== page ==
Gene Therapy: The Key to Making Humans Disease Free?
By Kaspar Schmidt
Whenever one imagines the word therapy it’s usually in the context of someone suffering a mental breakdown and needing to be taken to a shrink for getting electric shocks. Similarly, gene Therapy may sound like some corrective measure undertaken when a gene in one’s body getting fed up with life, going crazy and needing counseling. Though very simply put, according to the FDA, it’s a process in which a malfunctioning gene in deactivated and a normally functioning one is added to a body.
Obviously, this process is infinitely more difficult than it sounds and needs a bit more effort than firing the bad gene, putting out an advertisement for interested genes, interviewing them and asking the best gene to come to work Monday morning.
Gene Therapy was first tested on a person in 1990 and scary side effects were encountered though not as scary as having grown a tail or another foot, but they were enough to scuttle the whole process a bit. Scientists, unlike normal people, have a peculiar habit of not giving up and in 2016 have proclaimed that they are closer than ever.
Scientists at Milan’s San Rafael Telethon Institute for Gene Therapy reported that they had managed to cure 18 children of a rare disease called ADA-SCID which terribly affects the immune system. To achieve this they removed the children’s bone marrow added a gene which ensured the production of the ADA enzyme they lacked and then put the marrow back. Sounds so easy. Well, most of the human population isn’t even capable of repairing a bicycle’s puncture. And this particular gene treatment took 14 years to develop. 14 years just to figure out how to remove a bone marrow add a gene and put the marrow back.
How much does it cost? Well, they want $665,000 for the above treatment, maybe if we bribe our body with half of the amount it itself might start producing the gene.
Plus the pricing of this above treatment is modeled exactly like hair loss therapies.Grew your hair back after 14 days of treatment? No? Then here’s your money back. Got the gene added to your body which successfully resulted in ADA enzyme production? No? Then here’s your money back.
People believe that a cure for Hemophilia, a bleeding disorder which makes an annual hole of about $200,000 to $1M per year in people’s pocket via this gene therapy might just be the break it needs. It affects about 1 in 5000 people, hence is a lot more common. Though expect both scientific and political hurdles, as Bayer sells about $10 billion dollars per year worth of the current hemophilia treatment and maybe they won’t take a much cheaper cure lying down.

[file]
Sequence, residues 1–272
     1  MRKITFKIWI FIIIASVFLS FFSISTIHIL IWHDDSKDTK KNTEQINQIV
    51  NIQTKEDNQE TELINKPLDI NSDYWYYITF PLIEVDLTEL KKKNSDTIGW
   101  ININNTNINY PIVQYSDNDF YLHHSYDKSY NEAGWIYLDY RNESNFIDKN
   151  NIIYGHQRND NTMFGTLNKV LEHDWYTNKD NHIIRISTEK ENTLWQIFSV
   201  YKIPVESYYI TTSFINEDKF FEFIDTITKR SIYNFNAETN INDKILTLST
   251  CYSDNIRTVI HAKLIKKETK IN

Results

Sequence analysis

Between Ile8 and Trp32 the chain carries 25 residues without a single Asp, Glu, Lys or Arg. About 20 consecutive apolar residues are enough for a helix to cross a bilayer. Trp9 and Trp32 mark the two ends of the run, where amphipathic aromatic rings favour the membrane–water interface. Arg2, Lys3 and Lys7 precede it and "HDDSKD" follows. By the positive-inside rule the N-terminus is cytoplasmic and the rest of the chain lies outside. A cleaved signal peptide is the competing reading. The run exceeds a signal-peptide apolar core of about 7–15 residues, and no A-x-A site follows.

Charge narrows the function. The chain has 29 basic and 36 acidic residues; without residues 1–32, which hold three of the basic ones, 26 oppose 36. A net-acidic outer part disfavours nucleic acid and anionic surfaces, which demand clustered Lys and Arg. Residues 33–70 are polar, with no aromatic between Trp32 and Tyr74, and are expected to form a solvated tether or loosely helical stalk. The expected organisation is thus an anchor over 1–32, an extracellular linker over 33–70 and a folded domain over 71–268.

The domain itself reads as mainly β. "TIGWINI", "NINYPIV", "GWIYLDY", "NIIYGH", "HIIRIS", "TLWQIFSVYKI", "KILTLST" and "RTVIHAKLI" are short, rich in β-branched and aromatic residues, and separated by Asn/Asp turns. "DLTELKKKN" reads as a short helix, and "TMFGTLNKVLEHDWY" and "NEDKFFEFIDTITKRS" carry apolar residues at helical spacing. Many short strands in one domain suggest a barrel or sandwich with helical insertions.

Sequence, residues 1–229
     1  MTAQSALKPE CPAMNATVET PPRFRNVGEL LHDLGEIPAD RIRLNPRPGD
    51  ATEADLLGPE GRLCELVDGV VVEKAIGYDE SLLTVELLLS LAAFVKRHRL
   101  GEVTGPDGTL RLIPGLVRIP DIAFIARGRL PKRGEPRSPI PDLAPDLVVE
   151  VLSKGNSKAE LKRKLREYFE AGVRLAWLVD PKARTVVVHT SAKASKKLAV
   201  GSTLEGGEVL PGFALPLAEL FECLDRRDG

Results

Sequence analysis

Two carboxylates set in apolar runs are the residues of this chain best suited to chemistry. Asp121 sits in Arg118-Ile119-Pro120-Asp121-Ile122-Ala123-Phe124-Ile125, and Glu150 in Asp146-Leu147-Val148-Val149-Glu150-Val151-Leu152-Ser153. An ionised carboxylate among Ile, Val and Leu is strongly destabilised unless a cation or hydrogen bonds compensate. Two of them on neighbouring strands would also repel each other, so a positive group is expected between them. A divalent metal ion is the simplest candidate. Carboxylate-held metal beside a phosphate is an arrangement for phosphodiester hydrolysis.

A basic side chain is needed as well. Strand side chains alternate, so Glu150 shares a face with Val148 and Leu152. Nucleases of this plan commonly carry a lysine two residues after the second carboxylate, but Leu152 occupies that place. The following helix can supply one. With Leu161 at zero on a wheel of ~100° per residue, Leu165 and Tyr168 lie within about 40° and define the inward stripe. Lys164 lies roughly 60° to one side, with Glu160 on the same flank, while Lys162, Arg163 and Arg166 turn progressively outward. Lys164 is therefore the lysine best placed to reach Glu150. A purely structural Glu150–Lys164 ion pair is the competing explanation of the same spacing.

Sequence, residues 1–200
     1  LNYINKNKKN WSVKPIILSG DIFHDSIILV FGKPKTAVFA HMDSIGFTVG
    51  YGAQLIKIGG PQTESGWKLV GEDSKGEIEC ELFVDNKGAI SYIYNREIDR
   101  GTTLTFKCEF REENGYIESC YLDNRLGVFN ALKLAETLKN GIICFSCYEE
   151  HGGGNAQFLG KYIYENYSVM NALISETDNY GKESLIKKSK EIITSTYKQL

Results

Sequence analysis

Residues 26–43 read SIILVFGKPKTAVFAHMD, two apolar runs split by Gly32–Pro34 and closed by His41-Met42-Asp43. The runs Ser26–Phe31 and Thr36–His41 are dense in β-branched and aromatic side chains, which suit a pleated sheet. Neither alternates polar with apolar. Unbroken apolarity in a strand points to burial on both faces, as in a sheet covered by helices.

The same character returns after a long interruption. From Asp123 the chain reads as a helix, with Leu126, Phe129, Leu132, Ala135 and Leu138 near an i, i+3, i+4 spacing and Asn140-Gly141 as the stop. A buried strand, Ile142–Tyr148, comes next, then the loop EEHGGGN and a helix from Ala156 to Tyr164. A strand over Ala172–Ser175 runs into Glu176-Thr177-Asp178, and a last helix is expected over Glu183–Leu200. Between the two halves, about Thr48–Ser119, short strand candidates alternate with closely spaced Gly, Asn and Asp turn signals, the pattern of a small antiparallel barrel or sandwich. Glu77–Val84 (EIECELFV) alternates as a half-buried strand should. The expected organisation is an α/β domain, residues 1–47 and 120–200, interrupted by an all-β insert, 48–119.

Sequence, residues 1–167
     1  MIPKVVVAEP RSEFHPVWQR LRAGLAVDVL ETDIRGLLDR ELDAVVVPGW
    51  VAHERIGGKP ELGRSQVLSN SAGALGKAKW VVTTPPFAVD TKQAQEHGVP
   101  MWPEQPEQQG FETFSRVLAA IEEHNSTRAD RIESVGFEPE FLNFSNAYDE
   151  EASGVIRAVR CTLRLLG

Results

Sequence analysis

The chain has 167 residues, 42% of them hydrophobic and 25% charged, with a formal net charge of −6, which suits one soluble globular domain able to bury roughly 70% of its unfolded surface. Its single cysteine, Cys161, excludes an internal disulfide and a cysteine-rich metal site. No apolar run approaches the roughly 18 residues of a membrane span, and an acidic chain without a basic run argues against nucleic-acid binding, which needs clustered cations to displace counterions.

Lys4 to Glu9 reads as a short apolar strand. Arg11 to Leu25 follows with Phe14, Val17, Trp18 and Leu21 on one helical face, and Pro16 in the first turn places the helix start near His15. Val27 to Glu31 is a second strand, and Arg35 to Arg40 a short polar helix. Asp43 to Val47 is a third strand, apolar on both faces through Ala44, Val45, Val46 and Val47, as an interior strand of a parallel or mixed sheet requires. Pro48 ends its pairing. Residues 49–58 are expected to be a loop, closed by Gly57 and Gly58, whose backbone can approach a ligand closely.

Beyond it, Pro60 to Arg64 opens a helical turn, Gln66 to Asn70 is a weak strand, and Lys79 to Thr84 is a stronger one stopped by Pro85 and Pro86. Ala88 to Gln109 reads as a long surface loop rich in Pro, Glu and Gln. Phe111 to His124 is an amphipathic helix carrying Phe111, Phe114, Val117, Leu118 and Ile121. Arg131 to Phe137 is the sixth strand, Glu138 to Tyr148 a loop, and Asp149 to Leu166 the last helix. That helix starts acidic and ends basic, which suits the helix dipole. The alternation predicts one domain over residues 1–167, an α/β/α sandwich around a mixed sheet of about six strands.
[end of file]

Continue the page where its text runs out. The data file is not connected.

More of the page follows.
There’re other path-breaking uses proposed which might result in gene therapy making humans disease free. Doctors inserted a gene from a light sensing algae into a human which can potentially allow him to see. But for the case where a perfectly sighted person isn’t able to see a car before ramming into it? Well, no algae can help you there. A form of gene editing which seeks to reprogram a faltering gene either by coercing, bribing or blackmailing it is also being proposed. Genetic editing is believed to aid in eliminating certain types of cancer.
Daily in the news, there are reports about how gene therapy helped a woman fight cancer, how it restored hearing and balance and also made mice glow like fireflies. Though we imagine not many people would have a glowing mouse on their priority lists. And having said all that, a genetic therapy for a guy who blames his genes for his stupidity, laziness might not be possible.
Gene Therapy promises to provide humans with not just relief but a remedy. Such a reprogramming of the human body, where a faltering cog is replaced with a proper one, might just someday ensure, that humans may lead a fulfilling disease free life, where in they can freely and passionately whine and rant against their neighbor without a care in the world.
Kaspar Schmidt is the man behind https://haplomaps.com, a website where you can find unique haplogroup maps, that are very useful to visualize and explore human DNA distribution worldwide and also read original articles, related to ancestry DNA, human Genetics and Genealogy.